Abelard, Pierre [or Abaelard, Abaillard, Abelhardus]

Abelard, Pierre [or Abaelard, Abaillard, Abelhardus]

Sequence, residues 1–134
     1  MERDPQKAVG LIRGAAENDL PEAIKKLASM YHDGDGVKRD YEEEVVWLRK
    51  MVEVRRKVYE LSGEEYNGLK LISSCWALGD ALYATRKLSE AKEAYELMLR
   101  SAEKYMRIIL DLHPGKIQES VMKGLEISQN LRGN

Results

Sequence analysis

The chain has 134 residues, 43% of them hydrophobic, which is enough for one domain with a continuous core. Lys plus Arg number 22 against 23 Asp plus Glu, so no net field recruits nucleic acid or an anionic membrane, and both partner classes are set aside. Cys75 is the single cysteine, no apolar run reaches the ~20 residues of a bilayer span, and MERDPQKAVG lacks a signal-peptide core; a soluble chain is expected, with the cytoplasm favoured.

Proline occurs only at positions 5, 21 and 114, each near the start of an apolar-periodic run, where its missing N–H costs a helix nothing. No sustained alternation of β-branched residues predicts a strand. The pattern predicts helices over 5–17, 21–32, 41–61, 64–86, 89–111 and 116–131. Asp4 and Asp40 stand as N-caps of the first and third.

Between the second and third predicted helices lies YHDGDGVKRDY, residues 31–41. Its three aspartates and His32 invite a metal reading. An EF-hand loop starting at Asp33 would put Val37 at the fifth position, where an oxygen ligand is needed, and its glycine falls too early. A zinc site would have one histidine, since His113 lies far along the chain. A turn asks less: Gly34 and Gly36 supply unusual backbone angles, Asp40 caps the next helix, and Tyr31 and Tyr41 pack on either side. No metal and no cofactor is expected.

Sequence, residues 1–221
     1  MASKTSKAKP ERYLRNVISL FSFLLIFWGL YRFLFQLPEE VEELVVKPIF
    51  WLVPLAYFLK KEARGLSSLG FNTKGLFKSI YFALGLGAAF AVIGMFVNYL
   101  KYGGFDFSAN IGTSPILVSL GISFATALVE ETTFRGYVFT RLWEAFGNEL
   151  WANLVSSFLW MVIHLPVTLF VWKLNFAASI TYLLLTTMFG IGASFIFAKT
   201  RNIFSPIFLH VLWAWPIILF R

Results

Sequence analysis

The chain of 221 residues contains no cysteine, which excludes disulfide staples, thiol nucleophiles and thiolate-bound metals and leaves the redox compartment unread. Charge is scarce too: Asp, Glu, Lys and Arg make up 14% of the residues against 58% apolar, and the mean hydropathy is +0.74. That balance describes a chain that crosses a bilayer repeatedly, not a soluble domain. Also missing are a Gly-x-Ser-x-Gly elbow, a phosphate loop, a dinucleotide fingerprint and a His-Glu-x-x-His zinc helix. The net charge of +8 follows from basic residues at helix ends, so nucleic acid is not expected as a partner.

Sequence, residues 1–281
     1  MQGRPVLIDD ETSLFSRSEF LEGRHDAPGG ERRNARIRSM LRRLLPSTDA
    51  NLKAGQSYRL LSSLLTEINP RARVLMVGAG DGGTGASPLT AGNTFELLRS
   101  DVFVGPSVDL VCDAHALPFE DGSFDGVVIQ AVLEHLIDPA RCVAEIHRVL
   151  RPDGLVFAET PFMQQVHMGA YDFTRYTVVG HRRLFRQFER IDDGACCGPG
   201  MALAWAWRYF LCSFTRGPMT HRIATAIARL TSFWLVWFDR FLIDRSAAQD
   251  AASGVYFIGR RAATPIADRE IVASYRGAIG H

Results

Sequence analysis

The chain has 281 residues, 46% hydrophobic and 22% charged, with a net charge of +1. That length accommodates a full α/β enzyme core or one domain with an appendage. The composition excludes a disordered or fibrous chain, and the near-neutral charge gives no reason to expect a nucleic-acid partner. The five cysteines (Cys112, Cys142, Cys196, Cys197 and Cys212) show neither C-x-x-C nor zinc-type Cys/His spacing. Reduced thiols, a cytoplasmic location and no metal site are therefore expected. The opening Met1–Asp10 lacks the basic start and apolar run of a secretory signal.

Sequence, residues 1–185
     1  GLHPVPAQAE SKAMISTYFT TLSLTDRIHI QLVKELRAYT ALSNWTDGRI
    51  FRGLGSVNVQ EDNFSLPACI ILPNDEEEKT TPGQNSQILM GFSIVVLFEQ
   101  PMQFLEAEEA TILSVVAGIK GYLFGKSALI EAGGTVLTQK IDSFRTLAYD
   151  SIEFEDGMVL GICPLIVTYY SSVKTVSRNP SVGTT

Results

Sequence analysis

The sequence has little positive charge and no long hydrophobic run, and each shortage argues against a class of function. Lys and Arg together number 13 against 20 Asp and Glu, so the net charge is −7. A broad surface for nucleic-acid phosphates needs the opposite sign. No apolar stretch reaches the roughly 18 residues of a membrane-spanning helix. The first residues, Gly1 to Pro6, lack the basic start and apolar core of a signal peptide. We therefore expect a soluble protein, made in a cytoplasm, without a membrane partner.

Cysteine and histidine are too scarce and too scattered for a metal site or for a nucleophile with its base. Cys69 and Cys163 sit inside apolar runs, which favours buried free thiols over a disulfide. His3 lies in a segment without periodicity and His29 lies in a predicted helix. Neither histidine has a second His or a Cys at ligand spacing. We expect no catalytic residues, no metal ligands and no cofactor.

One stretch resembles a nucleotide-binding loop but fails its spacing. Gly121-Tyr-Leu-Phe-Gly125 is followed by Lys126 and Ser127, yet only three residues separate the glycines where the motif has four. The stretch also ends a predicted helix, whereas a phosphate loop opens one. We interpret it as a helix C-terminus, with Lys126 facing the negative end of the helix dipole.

born at Le Pallet, or Palais, near Nantes, 1079, was a man of the most subtle genius, and the father of the so-called scholastic theology. In many respects he was far in advance of his age. After a very careful education, he spent part of his youth in the army, and then turned his attention to theological study, — and had for his tutor in logic, at thirteen years of age, the celebrated Roscelin, of Compiegne. He left Palais before he was twenty years of age, and went to Paris, where he became a pupil of William of Champeaux, a teacher of logic and philosophy of the highest reputation. At first the favorite disciple, by degrees Abelard became the rival, and finally the antagonist of Champeaux. To escape the persecution of his former master, Abelard, at the age of twenty-two, removed to Melun, and established himself there as a teacher, with great success. Thence he removed to Corbeil, where his labors seem to have injured his health; and he sought repose and restoration by retirement to Palais, where he remained a few years, and then returned to Paris. The controversy was then renewed, and continued till Champeaux's scholars deserted him, and he retired to a monastery. Abelard, having paid a visit to his mother at Palais, found on his return to Paris in 1113 that Champeaux had been made Bishop of Chalons-sur-Marne. He now commenced the study of divinity under Anselm at Laon. Here also the pupil became the rival of his master, and Anselm at length had him expelled from Laon, when he returned to Paris, and established a school of divinity, which was still more numerously attended than his former schools had been. Guizet says, "In this celebrated school were trained one pope (Celestine II), nineteen cardinals, more than fifty bishops and archbishops, French, English, and German; and a much larger number of those men with whom popes, bishops, and cardinals had often to contend, such men as Arnold of Brescia, and many others. The number of pupils who used at that time to assemble round Abelard has been estimated at upward of 5000." Abelard was about thirty-five when he formed an acquaintance with Heloise, the niece of Fulbert, a canon in the Cathedral of Paris. She was probably under twenty. He contracted with her a secret and unlawful connection, the fruit of which was a son named Peter Astrolabus. Soon after Abelard married Heloise; but the marriage was kept secret, and, at the suggestion of Abelard, Heloise retired into the convent of Argenteuil, near Paris, where she had been, as a child, brought up. The relatives of Heloise, enraged at this, and believing that Abelard had deceived them, revenged themselves by inflicting the severest personal injuries upon him. He then, being forty years old, took the monastic vows at S. Denys, and persuaded Heloise to do the same at Argenteuil. From this time he devoted himself to the study of theology, and before long published his work Introductio ad Theologiam, in which he spoke of the Trinity in so subtle a manner that he was openly taxed with heresy. Upon this he was cited to appear before a council held at Soissons, in 1121, by the pope's legate, where, although he was convicted of no error, nor was any examination made of the case, he was compelled to burn his book with his own hands. After a brief detention at the abbey of St. Medard, he returned to his monastery, where he quarreled with his abbot, Adamus, and the other monks (chiefly because he was too good a critic to admit that Dionysius, the patron saint of France, was identical with the Areopagite of the same name mentioned in the Acts), and retired to a solitude near Nogent-sur-Seine, in the diocese of Troyes, where, with the consent of the bishop, Hatto, he built an oratory in the name of the Most Holy Trinity, which he called Paraclete, and dwelt there with another clerk and his pupils, who soon gathered around him again. His hearers, at various periods, were numbered by thousands. Being called from his retreat (A.D. 1125) by the monks of St. Gildas, in Bretagne, who had elected him their abbot, he abode for some time with them, but was at length compelled to flee from the monastery (about 1134) to escape their wicked designs upon his life, and took up his abode near Paraclete, where Heloise and her nuns were at that time settled. About the year 1140, the old charge of heresy was renewed against him, and by no less an accuser than the celebrated Bernard of Clairvaux, who was his opponent in the council held at Sens in that year. Abelard, seeing that he could not expect his cause to receive a fair hearing, appealed to Rome, and at once set put upon his journey thither. Happening, however, on his route, to pass through Cluny, he was kindly received by the abbot, Peter the Venerable, by whose means he was reconciled to Bernard, and finally determined to pass the remainder of his days at Cluny. He died April 21, 1142, aged sixty-three years, at the monastery of S. Marcel, whither he had been sent for his health.